After she's been attacked in her apartment, Cathy starts reliving the event in her dreams. She seeks help at a sleep disorder research center, but in doing so she encounters some unexpected...
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After she's been attacked in her apartment, Cathy starts reliving the event in her dreams. She seeks help at a sleep disorder research center, but in doing so she encounters some unexpected results ...Written by
Homme A. Piest <firstname.lastname@example.org>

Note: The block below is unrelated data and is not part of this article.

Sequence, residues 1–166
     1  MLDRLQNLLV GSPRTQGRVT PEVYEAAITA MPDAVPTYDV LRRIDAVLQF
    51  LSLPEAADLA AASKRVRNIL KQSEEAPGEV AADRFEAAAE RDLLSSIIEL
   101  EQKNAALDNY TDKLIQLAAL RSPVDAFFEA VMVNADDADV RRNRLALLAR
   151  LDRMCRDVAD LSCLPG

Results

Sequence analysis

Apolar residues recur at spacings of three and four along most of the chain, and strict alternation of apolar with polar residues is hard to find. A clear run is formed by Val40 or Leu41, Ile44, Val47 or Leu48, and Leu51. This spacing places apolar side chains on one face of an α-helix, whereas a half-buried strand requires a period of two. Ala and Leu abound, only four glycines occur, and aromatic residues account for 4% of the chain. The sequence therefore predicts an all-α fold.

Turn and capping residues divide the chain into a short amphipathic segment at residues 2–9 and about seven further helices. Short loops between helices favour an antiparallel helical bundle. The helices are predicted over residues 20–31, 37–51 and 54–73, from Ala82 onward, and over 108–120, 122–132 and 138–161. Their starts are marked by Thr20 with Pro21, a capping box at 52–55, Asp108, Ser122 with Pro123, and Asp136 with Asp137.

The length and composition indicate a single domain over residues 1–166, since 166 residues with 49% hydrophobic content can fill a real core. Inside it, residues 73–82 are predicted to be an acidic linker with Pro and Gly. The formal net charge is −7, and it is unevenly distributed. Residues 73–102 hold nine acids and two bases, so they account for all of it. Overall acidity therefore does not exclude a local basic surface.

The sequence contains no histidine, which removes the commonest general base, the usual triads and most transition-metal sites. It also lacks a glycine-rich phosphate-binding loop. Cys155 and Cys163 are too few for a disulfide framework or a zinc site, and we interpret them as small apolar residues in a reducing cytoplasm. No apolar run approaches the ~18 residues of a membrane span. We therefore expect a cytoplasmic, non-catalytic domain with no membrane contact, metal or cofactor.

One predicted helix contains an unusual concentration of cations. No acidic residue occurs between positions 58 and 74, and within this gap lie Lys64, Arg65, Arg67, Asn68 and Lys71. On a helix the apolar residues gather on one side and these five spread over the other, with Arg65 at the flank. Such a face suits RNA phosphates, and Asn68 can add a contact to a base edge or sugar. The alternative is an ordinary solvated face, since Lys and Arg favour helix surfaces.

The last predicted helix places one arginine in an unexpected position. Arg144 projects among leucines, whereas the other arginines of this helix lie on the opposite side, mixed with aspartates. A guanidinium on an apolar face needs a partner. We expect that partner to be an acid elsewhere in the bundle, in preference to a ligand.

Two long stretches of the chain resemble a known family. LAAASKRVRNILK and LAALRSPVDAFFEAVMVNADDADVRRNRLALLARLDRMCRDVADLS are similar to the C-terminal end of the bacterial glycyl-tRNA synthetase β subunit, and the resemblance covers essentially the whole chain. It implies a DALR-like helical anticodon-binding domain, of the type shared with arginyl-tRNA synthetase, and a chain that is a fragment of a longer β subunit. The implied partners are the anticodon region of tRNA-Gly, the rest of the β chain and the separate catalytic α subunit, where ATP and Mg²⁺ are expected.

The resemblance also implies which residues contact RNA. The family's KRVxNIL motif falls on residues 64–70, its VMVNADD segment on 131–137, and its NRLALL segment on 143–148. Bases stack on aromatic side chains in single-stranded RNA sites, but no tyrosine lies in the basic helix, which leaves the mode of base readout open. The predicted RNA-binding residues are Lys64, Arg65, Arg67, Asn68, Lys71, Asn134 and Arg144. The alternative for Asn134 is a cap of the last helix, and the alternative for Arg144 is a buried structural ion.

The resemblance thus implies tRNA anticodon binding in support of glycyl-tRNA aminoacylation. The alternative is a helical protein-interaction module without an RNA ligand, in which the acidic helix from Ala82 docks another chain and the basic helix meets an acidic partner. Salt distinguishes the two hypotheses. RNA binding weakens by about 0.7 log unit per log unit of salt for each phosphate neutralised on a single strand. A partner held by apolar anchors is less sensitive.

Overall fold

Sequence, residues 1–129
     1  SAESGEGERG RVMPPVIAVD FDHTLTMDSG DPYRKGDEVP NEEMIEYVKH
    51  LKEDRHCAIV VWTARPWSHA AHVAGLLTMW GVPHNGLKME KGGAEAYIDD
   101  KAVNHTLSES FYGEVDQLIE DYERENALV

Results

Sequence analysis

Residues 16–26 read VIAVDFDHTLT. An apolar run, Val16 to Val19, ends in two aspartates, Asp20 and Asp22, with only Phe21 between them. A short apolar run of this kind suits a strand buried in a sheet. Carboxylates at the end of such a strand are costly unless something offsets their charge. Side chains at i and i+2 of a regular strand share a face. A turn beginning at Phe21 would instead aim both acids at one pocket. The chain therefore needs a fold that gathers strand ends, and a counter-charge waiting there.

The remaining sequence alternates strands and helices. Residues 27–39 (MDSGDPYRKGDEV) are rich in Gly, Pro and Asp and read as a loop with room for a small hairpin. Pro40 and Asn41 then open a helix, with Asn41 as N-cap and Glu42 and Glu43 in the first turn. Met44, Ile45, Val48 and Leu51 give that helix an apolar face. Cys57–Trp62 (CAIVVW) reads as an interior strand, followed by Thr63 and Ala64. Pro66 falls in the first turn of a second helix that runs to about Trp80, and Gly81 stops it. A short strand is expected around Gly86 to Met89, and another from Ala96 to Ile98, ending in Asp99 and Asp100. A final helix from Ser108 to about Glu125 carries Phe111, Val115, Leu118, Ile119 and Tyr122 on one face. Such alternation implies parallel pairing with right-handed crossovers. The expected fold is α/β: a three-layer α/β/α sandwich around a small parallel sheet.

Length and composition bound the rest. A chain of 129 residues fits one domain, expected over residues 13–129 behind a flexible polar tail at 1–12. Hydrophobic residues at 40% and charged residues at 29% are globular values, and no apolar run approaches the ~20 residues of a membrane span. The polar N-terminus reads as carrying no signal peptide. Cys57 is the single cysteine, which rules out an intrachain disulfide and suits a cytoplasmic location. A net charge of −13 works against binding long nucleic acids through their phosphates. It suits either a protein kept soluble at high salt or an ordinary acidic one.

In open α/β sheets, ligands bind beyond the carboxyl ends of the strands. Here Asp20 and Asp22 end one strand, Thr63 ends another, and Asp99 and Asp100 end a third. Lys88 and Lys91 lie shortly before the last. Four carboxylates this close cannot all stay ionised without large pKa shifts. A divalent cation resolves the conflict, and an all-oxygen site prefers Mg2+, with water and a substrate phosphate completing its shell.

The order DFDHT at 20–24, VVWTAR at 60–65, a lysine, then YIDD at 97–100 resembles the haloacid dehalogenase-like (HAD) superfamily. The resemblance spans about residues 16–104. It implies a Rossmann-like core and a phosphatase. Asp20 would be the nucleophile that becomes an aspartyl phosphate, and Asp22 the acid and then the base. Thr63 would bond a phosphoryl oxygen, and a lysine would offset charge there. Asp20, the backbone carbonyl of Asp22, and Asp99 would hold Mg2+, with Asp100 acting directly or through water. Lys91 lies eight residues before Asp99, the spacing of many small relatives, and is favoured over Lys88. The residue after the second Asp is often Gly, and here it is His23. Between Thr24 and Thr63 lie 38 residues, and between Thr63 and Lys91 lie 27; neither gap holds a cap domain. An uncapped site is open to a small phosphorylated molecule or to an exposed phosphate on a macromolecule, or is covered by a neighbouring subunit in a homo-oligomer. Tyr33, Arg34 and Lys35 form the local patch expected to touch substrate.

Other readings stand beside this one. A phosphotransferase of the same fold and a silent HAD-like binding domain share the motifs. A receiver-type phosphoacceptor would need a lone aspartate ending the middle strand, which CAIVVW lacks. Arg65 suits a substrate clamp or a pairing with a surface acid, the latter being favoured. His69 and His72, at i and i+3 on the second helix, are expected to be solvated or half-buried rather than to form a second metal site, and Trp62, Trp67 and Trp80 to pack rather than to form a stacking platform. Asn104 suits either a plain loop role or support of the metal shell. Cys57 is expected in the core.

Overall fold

If there isn't much in this modest, sub-Hitchcock thriller worth criticizing it's only because there isn't much in it worth noticing at all. The premise is fascinating: that a drug might be used (or, in this case, abused) to block the chemical in our brains that inhibits muscular action during sleep, allowing us to unconsciously act out our dreams. But the script never aspires toward anything more than a routine psycho-thriller of curiously limited means: the film seems to have been made on two or three sparse studio sets with a very small cast, led by Kristy McNichol as the young test subject who naturally forgets to ask about an antidote. A throw away release doomed the film to a quick, easy death at the box office, which is a shame considering the far worse features being plugged that same summer, and the unsettling streak of sadism didn't help matters: most of McNichol's dreams find her a victim of rape and/or extreme violence.
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